The authority of a Cathedral chapter or of the parishioners? A case study of election process for vicars. A vicar s post as a leader in a Finnish Evangelical-Lutheran parish is a significant post. Selection to this position has been a multi-phased process since the Middle Ages. The election of a vicar has been an important event for parishioners for centuries. At the turn of the decade (2010s), the election system for vicars came under strong pressure for change. In this study the election process for vicars is viewed through four vicar elections in the Oulujoki, Tyrnävä, Herttoniemi and Salo parishes. The research material was collected in 2009 2011. The research method was a qualitative case study. Altogether 32 interviews were conducted for the study, and election samples, panels and selected parts of events, and the installations of four elections were observed. In addition, election-related meeting records and the communication and press materials of the election boards of the Cathedral chapters and parishes were analysed. Vicar elections were viewed in this study following Pierre Bourdieu´s field theory. According to Bourdieu, a field is an arena in which people compete for resources and access to them. On a field people are in pursuit of the capital needed to win. In the study the candidates and the nomination of candidates contributed to the development of the elections and the kind of capital that was needed for success in the field. Social and cultural capital in different forms received a deciding role in the elections. A candidate won when he or she had enough social capital (familiar parishioners, networks and regionality), cultural capital (election position, official rank, sex, age and experience) and a suitable habitus (way of being, following the church tradition). In the election process for vicars, the actors differentiated themselves from the others through wielding their power and position. In the vicar election process the authority was divided mainly between the Cathedral chapter and the parishioners. The Cathedral chapter used discretionary power and the parishioners executive power. The Cathedral chapter used power especially when the number of applicants for the vicar position exceeded three. The parishioners used power especially when they supported a candidate as a group. In this study, three different kinds of election types were identified in the vicar elections. The first group was given the name a former vicar to a new vicar . In this group a reverend who had lost a vicar s post through a consolidation of parishes and who applied for the position of a vicar in a new parish won the election. In this election regionality significantly affected the result. The second group formed the our reverend for the vicar s post type. The parish clearly voted for a candidate from their own parish. This kind of election is typical in rural parishes. The third vicar s election type was categorized as our own candidate does not receive an official elected position . In this group the election was unpredictable. The voters were forced to select another candidate besides their own candidate or a totally new candidate. In this type, the election position and the mental picture process played significant roles.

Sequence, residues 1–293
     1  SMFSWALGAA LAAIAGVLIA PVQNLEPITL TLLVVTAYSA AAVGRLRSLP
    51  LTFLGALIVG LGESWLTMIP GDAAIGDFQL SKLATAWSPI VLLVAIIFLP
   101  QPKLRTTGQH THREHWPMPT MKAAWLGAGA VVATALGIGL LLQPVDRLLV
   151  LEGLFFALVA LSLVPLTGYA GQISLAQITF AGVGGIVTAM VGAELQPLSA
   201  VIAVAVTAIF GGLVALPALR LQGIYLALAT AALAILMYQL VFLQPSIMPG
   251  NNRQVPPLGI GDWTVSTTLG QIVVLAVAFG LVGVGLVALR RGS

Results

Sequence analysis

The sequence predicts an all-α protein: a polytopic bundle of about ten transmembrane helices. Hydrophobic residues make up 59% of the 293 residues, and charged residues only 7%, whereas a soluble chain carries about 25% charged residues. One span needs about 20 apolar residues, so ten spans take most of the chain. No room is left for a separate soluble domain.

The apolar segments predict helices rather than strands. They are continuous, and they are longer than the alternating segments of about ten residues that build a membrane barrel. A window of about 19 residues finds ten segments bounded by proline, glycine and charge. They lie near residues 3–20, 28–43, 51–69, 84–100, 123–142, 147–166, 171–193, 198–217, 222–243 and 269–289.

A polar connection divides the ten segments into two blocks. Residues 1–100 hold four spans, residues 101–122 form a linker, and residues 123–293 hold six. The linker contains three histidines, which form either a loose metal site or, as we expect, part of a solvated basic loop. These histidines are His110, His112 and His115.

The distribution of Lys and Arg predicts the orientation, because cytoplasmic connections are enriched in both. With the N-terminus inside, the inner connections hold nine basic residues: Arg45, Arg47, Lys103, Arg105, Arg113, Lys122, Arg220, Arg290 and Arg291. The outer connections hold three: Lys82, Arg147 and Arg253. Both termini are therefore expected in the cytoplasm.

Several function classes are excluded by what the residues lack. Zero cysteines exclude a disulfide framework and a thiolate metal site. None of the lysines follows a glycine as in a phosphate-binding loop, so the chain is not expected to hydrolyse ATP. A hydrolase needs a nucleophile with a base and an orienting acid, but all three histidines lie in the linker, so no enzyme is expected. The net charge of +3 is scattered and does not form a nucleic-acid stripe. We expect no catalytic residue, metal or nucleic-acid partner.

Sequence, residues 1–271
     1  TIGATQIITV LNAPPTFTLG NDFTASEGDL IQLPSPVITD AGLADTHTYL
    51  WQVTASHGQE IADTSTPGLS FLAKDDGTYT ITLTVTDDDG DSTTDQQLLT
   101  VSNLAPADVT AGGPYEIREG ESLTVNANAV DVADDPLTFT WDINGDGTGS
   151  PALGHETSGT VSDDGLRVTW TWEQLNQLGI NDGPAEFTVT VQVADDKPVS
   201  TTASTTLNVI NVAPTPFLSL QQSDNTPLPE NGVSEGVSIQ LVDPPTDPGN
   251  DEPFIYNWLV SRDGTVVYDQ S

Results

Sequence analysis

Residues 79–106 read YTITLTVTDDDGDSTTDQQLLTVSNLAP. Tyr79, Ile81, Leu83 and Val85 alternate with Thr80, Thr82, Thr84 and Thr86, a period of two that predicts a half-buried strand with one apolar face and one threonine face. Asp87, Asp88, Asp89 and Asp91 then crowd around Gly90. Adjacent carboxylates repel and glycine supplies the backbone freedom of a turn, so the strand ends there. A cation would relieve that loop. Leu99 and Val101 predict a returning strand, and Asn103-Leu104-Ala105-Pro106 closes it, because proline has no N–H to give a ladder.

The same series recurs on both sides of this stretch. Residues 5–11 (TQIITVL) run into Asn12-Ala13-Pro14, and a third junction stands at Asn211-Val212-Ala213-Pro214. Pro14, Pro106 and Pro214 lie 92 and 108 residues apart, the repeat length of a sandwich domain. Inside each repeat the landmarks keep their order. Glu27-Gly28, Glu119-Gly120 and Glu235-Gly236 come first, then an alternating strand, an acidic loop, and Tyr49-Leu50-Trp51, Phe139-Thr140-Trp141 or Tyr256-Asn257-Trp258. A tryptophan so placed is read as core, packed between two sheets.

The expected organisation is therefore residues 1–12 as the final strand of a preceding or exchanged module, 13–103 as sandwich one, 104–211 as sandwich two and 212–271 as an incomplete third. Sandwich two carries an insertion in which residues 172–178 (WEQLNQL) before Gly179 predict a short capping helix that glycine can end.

• Stenlund, Mari (Helsingin yliopisto, 2014)